sourcetype=Account contains Id values and the AccountName
sourcetype=Issue contains AccountId values but no AccountName and this is really the sourcetype that contains the stuff I want to report on...
If I do an inner join:
Filter sourcetype Account then
| eval AccountId = Id
| fields Name, AccountId
| join type=inner AccountId [search sourcetype=Issue |fields AccountId Name Issue
This search has completed and has returned 4 results by scanning 481 events in 49.392 seconds.
If I use a sub-search
[sourcetype=Account ...filter-the-AccountId...|fields + AccountId]
table AccountId Issue
This search has completed and has returned 4 results by scanning 686 events in 6.182 seconds.
What I want is
table Name Issue...
But I've tried a few things and I can't figure out how to pass the Account Name, or where I'd do a lookup for it so I could get the fields from the Account and the Issue together without doing the inner join...
How would I structure this so it's more efficient than the inner join? I know there must be a better way...
Right now I'm keeping the timeframe small, but I'd like to expand both the filters on the Accounts and the timeframe.
If I have to use the inner join, I'm afraid I'm really just approaching this wrong.
Try the following (just in case creating lookup is not an option for you):-
sourcetype=Account ...other filters...| stats count by Id, Accountname | rename Id as AccountId | fields - count | join AccountId [search sourcetype=Issue |fields AccountId Name Issue]
if there could be more that one issue for an AccountId, then use "| join max=0" instead of "|join".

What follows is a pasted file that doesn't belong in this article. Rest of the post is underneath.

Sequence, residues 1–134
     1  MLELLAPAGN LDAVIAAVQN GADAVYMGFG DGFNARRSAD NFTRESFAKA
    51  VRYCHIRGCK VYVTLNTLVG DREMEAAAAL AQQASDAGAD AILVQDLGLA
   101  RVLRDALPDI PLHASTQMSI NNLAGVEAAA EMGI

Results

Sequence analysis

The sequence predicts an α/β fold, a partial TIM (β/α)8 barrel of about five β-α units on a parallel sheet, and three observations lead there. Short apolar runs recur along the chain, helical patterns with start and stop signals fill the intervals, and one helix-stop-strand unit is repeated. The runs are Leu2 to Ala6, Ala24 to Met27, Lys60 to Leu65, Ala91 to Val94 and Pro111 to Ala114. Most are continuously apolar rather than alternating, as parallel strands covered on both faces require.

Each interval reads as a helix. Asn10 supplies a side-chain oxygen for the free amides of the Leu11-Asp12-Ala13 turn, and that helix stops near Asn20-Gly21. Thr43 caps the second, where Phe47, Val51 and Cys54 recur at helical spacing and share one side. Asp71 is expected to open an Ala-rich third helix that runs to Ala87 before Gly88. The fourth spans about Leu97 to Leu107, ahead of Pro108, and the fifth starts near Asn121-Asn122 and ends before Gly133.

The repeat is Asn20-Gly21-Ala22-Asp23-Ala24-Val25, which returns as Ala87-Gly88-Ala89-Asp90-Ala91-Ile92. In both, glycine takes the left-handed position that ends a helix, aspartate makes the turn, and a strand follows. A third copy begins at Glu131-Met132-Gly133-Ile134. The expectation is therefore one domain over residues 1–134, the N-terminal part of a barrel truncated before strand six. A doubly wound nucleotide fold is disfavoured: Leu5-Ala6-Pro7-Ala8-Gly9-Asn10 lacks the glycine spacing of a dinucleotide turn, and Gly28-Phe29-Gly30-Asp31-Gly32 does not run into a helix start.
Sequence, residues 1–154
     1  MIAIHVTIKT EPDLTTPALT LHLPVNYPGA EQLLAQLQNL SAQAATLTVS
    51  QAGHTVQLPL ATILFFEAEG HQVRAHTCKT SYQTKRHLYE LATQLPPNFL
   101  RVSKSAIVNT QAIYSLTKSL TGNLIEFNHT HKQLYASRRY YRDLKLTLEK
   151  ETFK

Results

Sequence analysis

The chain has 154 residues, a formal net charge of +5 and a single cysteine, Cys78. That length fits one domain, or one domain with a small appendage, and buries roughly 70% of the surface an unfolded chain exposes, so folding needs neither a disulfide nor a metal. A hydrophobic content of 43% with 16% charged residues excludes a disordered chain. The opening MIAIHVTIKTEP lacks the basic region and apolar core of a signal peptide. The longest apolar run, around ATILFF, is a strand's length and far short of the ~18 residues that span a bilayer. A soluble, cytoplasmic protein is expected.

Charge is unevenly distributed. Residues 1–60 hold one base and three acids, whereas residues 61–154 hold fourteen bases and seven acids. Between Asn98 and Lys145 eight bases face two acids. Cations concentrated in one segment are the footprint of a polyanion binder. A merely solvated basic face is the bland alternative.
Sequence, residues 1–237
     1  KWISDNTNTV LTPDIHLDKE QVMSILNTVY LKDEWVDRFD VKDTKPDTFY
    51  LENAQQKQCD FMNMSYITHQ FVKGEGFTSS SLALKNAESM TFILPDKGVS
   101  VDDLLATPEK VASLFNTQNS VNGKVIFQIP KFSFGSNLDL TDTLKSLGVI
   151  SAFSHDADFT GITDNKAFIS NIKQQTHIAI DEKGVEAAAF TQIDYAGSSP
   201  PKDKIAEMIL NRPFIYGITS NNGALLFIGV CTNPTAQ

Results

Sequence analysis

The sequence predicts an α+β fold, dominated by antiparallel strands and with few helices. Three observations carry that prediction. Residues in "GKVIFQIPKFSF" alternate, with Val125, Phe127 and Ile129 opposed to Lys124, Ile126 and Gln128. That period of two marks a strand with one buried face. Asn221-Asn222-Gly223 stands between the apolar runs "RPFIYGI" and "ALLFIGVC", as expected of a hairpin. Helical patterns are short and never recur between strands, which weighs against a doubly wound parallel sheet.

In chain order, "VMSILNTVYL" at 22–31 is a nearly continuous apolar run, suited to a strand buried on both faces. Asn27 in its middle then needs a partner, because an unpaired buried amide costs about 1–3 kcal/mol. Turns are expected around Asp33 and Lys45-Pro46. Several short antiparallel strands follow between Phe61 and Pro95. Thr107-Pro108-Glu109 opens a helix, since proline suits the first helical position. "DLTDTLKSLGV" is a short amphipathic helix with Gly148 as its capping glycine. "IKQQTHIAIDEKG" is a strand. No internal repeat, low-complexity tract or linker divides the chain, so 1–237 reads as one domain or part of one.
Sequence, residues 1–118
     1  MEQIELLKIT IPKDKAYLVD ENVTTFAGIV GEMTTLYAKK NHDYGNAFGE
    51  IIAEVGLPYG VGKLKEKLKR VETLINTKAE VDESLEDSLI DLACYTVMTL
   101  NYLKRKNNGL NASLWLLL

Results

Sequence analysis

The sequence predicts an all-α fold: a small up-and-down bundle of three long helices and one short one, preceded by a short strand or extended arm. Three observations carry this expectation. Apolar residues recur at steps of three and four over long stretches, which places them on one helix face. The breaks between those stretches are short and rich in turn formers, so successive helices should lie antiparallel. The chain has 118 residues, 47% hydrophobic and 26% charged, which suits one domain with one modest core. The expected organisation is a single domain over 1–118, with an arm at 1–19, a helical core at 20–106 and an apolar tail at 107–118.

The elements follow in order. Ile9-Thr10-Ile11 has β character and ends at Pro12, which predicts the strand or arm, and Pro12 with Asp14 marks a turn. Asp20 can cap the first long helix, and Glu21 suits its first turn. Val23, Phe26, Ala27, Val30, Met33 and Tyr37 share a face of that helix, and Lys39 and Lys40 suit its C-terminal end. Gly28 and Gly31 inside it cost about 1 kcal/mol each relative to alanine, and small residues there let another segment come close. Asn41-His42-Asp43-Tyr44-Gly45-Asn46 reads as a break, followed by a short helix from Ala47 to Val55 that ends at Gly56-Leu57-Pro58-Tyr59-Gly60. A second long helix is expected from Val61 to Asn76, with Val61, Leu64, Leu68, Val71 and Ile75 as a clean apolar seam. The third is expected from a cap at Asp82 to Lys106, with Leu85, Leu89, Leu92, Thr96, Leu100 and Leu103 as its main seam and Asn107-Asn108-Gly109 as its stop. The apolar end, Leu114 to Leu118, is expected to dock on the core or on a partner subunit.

thank you... yes. the lookup is indeed an issue... and the join works fine, it's just not efficient. the join is where I started. (I did try different types of joins)
That might just be where I have to be. I was hoping there was some way I was missing... where once I passed the Id/AccountId I would have a way to pass other fields as well even though they were cosmetic and had no match in the 2nd sourcetype.
The "most splunkish" (splunkonic? splunkadelic?) way of doing this is with an actual lookup file. You would do a scheduled search of the form:
sourcetype=Account | fields Id, Accountname | inputlookup append=t accounts.csv | stats first(Accountname) as Accountname by Id | outputlookup accounts.csv
This would (incrementally) maintain the lookup file in the fashion araitz demonstrates in hist blog post.
Then your real search can use a simple
lookup command (or an implicitly defined lookup in the configuration files) to bring in the Accountname data.
Another approach that might work is to use a "disjointed search" along with
stats as a row-compression function. I've not tested this, but a search similar to:
sourcetype=Account OR sourcetype=issue
| stats first(Name) as Name, first(Issue) as Issue by Id
Should get fairly close to what you're trying to do.
correct. these are extracts from relational tables... which is why this is a bit of a mess... as for renaming... yes, it would be. I was following your suggestion exactly which left out the eval. maybe I'm missing the insight you're trying to pass along... it's actually the coalesce I hadn't thought of... which might now turn out to be a help. 🙂
Isn't the naming deal solved with a simple
| eval Id=coalesce(Id,AccountId) or a
| rename AccountId AS ID ?
Also, Splunk is designed to handle extremely large lookups fairly efficiently. If your list of (Id, Accountname) tuples in
sourcetype=Account is < 1GB a lookup is still applicable.
I get a somewhat funny feeling that your
Account sourcetype is coming from a relational source of sorts anyway - so why not make a lookup file directly from there?
I appreciate the blog link. A lot of good info there. the accumulated account list isn't practical in this case, as the list is massive and the search is taking only a small slice (and that slice changes based on daily assignments so the pull needs to be dynamic)
The second suggestion doesn't account for the fact that Id = AccountId which is why I had to join... I believe the 2nd suggestion is actually where I started... and the inner join is where I ended up. - hoping for more insight.